"In 1931, the Czech-born mathematician Kurt Gödel demonstrated that within any given branch of mathematics, there would always be some propositions that couldn't be proven either true or false using the rules and axioms ... of that mathematical branch itself. You might be able to prove every conceivable statement about numbers within a system by going outside the system in order to come up with new rules and axioms, but by doing so you'll only create a larger system with its own unprovable statements. The implication is that all logical system of any complexity are, by definition, incomplete; each of them contains, at any given time, more true statements than it can possibly prove according to its own defining set of rules."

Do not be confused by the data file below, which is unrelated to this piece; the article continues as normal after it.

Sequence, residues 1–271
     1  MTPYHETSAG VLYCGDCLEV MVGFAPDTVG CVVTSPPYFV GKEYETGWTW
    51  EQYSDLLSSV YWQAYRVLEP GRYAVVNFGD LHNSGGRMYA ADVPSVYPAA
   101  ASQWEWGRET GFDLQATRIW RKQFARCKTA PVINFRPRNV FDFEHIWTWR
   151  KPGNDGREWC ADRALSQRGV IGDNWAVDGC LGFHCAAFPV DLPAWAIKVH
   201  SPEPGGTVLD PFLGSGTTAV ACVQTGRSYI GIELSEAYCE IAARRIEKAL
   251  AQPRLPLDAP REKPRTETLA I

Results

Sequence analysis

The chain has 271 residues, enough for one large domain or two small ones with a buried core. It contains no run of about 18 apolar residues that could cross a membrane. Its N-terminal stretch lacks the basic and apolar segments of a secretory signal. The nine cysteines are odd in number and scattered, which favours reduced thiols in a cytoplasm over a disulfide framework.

"You see them? You see them? You see the things that float and flop about you and through you every moment of your life? You see the creatures that form what men call the pure air and the blue sky?
Have I not succeeded in breaking down the barrier; have I not shown you worlds that no other living men have seen?"